I simply want to say that this is a very serious problem. We are passing a bill that validates all of the incorporations that have been made in the past 30 years—before this bill was passed—even if they did not meet the criteria. That is the first reason why we will not support this bill. The second reason is that the regulations would no longer be subject to parliamentary review because they would be adopted by reference. That is a big problem. The government will be adopting regulations, rates or indices, and members of Parliament and Canadians will not be aware of them and will never have an opportunity to oppose them.

In short, it is very important for all members of this House to reject this bill and to review it so we can pass something that makes sense and that will not exempt our regulations from review by Canadian parliamentarians.

Main Estimates 2015-16 June 8th, 2015

Mr. Speaker, it is so funny to see the two old parties continuing to use the same arguments they have been using for 30 years, the same arguments that discouraged Canadians from voting. They discouraged young people from becoming interested in politics.

We are going to respect the wishes of Canadians. We are going to consult Canadians and respect their wishes, something those two parties have never done. They got voted in and then they broke their promises. It is very easy for them to attack me personally as a member and to come to the House and repeat the same old arguments they made in the past.

We want to work with the provinces and Canadians, something those other two parties never did. The Liberals stole millions of dollars from Canadians in the sponsorship scandal and the Conservatives did the same in the in and out scandal and the Senate scandal. They stole millions of dollars from Canadians. We want to change things. We want to bring real change to Ottawa.

Main Estimates 2015-16 June 8th, 2015

Mr. Speaker, I thank my colleague for asking me that very interesting question.

The first thing we will do is consult the provinces, something the Prime Minister has refused to do since being elected. The Conservative Prime Minister has never met with all the provincial premiers at the Council of the Federation. The first thing my leader will do is attend the first ministers' meeting.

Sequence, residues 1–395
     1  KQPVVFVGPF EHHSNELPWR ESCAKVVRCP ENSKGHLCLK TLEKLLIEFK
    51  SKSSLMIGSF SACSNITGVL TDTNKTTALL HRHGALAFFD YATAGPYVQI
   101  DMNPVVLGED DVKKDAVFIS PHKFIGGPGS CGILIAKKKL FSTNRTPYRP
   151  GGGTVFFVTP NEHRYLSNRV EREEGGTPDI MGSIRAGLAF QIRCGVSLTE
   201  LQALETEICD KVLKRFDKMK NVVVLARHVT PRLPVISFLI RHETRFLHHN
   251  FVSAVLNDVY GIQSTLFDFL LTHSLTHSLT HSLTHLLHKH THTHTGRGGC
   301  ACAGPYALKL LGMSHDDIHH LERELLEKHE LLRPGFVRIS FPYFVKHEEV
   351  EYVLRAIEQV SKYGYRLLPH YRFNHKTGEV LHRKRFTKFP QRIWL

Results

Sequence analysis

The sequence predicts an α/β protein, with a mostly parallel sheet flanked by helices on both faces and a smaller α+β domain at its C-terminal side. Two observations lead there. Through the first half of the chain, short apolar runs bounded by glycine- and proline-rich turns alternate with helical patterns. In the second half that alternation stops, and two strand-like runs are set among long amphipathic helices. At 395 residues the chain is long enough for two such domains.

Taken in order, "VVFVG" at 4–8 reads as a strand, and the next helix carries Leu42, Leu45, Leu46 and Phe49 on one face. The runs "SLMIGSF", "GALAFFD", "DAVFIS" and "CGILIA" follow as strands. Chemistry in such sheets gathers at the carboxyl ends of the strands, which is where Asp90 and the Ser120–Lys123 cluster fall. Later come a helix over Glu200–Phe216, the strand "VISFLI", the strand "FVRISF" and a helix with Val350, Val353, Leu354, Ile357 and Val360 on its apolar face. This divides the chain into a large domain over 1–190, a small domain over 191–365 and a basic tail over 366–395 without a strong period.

Then, there will indeed be a referendum. I am looking the hon. member in the eye to assure him that the will of Canadians and Quebeckers will be respected.

Main Estimates 2015-16 June 8th, 2015

Mr. Speaker, I would like to note that I will be sharing my time with the honourable member for Sherbrooke.

I am really very happy to be able to express my views on this motion. It is funny because the government is trying to tell Canadians that the reason we are here this evening is because the opposition wants to debate its motion. I would like to remind the parliamentary secretary for the Prime Minister that this is not an opposition motion by the NDP, but rather a government motion. What we want is simply to vote against the votes in the main estimates.

As they say, “That's it, that's all.”

We are here because of the government. That is fine because it gives me an opportunity to say just how outraged I am that the Liberals and the Conservatives are accusing us today of debating a subject that is not important to Canadians and are saying that Canadians have other things to worry about. There is nothing more fundamental than respect for the Canadian values of integrity, transparency and ethics. People vote for us and send us here, to Parliament, to make policies and pass bills that will help the most vulnerable, for example, and families.

Let us talk about the Conservative Party. The RCMP has told us that the Prime Minister's Office was directly involved in altering reports on senators' expenses. We know, thanks to plain facts, that Conservative members used the services of Conservative senators to raise funds in their constituencies at taxpayers' expense. We have a Conservative government that tells us that it tried to reform the Senate and that it wants an elected Senate with term limits. However, the Supreme Court ruled that the Conservatives' plan was unconstitutional. The Parliamentary Secretary to the Prime Minister rose to talk about this plan and added that, unfortunately, because the plan is unconstitutional, the government will leave things alone and allow senators to continue to travel at the expense of taxpayers and the people of La Pointe-de-l'Île, who pay for Conservative senators to fundraise in Conservative ridings. That is unacceptable. The Conservative Party wants to continue sending $57 million to the Senate, but it does not know how to reform it.